As Mark Twain once said, “News of the recent death of the partnership flip for solar transactions is greatly exaggerated.”
Okay, he didn’t exactly refer to partnership flips; he was talking about a newspaper article that prematurely reported his death. But in the case of the partnership flip in solar transactions, stray reports since last summer that partnership flips are not permitted under the Internal Revenue Code (IRC) in solar transactions have confused some developers and investors. As it turns out, the reports of the partnership flip’s demise for solar transactions are “greatly exaggerated.”
Historically, solar investors have relied on two IRS Revenue Procedures for solar-based partnership flip transactions. Rev. Proc. 2007-65 established safe harbor requirements for the use of a partnership flip with respect to investments in wind facilities qualifying for IRC §45 Production Tax Credits (PTC). Rev. Proc. 2014-12 did the same for investments in historic building rehabilitation qualifying for IRC §48 historic building investment tax credits (ITC).
So, what about the partnership flip in the context of a solar transactions relying on IRC §48 ITC? To date, the IRS has not issued a Revenue Procedure that specifically addresses solar and the ITC. This has left tax practitioners to work by analogy from the two Revenue Procedures noted above. But last summer, the IRS’s Chief Counsel Office issued a memo (Chief Counsel Advice Memorandum 201524024, or “CCA”).
The CCA Memo is an internal IRS memo that was made public several months after it was issued by the IRS national office to one of the IRS’s local field auditors. The CCA addresses questions from the field auditor concerning a taxpayer’s use of a partnership flip in a complex solar ITC transaction. Though heavily redacted, the auditor’s inquiry apparently cited the safe harbor requirements for a partnership flip carved out by Rev. Proc. 2007-65 (that was the one for the §45 PTC in wind transactions). In the CCA Memo, the IRS stated that Rev. Proc. 2007-65 “does not apply to partners or partnerships with [IRC] §48 energy credits.” Oddly enough, though, the IRS went on to apply the very same safe harbor requirements of Rev. Proc. 2007-65 to the solar transaction at issue, and concluded that the taxpayer did “not satisfy all of the safe harbor requirements of Rev. Proc. 2007-65.”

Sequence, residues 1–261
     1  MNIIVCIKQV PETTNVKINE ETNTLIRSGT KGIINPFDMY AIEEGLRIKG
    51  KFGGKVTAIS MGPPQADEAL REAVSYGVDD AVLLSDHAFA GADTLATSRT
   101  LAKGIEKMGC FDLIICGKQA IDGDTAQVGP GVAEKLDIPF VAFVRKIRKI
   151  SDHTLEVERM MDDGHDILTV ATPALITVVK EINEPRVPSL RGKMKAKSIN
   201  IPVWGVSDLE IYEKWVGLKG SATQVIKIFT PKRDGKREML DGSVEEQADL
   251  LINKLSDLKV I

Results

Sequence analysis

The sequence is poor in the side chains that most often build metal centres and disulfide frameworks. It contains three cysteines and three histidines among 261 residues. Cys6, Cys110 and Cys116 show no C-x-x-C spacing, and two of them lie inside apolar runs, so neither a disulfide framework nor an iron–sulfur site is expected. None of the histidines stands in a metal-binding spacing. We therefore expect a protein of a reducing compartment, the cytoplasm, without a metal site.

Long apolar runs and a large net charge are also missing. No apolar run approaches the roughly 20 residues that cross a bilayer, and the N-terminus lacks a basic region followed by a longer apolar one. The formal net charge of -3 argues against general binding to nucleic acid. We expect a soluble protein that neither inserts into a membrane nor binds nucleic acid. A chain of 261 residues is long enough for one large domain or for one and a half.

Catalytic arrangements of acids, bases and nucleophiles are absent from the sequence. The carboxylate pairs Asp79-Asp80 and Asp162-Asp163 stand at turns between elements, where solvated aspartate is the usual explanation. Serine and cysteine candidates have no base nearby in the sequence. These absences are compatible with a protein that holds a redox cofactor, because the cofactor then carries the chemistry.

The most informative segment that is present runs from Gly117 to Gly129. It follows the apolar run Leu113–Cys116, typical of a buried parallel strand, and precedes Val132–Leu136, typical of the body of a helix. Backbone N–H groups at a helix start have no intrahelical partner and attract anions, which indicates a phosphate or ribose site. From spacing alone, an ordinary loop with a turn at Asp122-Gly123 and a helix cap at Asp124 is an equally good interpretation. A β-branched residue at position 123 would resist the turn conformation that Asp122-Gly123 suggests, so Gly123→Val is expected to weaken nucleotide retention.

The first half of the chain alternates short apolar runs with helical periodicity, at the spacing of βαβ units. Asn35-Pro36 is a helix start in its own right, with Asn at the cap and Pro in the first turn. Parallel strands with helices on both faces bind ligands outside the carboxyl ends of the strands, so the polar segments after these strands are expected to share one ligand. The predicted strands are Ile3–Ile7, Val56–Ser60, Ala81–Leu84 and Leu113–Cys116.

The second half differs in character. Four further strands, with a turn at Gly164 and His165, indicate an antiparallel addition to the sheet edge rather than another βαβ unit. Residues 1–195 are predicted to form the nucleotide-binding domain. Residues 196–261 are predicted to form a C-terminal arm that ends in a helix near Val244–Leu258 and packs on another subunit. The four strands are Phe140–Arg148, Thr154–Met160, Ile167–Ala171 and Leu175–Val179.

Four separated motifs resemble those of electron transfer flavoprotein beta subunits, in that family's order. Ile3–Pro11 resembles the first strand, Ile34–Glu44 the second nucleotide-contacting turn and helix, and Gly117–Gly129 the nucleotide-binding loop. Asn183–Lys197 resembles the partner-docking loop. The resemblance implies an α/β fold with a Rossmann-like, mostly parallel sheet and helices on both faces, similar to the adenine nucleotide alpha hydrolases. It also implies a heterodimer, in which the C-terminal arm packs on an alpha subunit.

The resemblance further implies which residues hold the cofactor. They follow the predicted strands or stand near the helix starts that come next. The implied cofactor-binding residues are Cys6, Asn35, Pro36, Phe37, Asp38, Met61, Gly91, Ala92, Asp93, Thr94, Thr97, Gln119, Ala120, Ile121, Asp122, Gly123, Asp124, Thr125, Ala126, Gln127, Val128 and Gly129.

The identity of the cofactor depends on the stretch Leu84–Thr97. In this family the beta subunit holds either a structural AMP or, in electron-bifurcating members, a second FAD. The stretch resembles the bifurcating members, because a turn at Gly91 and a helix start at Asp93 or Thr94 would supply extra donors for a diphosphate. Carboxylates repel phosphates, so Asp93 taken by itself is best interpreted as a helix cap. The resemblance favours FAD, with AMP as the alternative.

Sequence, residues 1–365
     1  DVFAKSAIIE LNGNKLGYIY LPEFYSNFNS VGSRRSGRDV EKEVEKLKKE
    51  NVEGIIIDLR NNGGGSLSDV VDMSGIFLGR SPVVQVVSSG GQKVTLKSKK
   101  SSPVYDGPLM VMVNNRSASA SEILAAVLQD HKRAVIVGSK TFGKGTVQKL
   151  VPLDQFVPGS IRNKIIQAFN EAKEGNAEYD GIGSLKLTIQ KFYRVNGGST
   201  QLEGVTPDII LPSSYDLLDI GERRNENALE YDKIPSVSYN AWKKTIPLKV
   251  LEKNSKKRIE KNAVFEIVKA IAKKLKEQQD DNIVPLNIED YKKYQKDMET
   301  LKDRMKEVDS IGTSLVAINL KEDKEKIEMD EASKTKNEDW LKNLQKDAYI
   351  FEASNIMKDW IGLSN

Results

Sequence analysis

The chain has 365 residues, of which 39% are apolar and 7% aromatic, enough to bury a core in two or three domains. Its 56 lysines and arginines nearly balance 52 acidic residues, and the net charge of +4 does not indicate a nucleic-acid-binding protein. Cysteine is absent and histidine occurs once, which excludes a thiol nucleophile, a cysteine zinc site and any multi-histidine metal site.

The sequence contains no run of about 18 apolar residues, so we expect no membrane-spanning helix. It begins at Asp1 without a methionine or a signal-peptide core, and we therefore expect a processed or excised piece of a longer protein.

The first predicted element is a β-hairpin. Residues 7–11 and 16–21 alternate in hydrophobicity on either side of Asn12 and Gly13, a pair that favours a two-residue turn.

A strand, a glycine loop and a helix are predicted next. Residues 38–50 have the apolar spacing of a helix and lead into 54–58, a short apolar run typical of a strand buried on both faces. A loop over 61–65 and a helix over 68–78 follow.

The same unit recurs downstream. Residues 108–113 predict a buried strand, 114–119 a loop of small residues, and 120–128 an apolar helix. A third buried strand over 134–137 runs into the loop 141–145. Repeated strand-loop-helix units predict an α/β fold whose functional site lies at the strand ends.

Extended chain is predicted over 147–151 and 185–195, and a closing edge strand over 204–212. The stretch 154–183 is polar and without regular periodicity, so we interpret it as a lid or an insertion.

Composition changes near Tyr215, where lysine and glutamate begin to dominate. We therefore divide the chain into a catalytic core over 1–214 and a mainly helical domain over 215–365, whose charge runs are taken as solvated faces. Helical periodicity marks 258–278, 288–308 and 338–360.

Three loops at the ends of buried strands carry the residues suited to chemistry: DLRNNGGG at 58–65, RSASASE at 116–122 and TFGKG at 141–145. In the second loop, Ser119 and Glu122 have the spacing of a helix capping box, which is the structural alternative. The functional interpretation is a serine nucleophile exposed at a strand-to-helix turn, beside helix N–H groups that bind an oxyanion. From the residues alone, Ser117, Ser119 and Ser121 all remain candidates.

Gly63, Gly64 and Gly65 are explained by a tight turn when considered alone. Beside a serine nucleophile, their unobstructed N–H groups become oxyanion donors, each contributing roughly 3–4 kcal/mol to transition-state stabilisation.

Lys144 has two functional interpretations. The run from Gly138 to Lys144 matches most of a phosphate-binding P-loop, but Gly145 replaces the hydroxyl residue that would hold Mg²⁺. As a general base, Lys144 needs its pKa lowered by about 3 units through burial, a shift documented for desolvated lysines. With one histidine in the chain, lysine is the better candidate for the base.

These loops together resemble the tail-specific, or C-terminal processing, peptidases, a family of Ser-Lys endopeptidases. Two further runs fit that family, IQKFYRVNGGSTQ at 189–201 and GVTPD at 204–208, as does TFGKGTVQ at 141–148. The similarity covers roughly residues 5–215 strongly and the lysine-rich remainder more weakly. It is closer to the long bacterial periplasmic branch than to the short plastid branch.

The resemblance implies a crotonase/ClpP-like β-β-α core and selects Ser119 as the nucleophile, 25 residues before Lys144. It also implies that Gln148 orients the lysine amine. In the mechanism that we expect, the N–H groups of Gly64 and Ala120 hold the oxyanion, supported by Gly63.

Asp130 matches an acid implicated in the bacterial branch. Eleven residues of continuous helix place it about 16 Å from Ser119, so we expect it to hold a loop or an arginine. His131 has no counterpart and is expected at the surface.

Since that CCA issued last summer, a few writers have published notes, articles and blogs focusing on the CCA’s statement that Rev. Proc. 2007-65 did not apply to the §48 energy ITC. From these publications, some developers and investors have begun to question whether the partnership flip is therefore not permitted in solar transactions structured to take advantage of the ITC.
This interpretation of the CCA and its implications for the partnership flip transaction are misplaced. To understand why the partnership flip remains a viable — even popular — approach to solar transactions looking for a mechanism to monetize tax benefits, we must first understand three key tax concepts: safe harbors, tax credits and how a solar partnership flip fits within the IRC.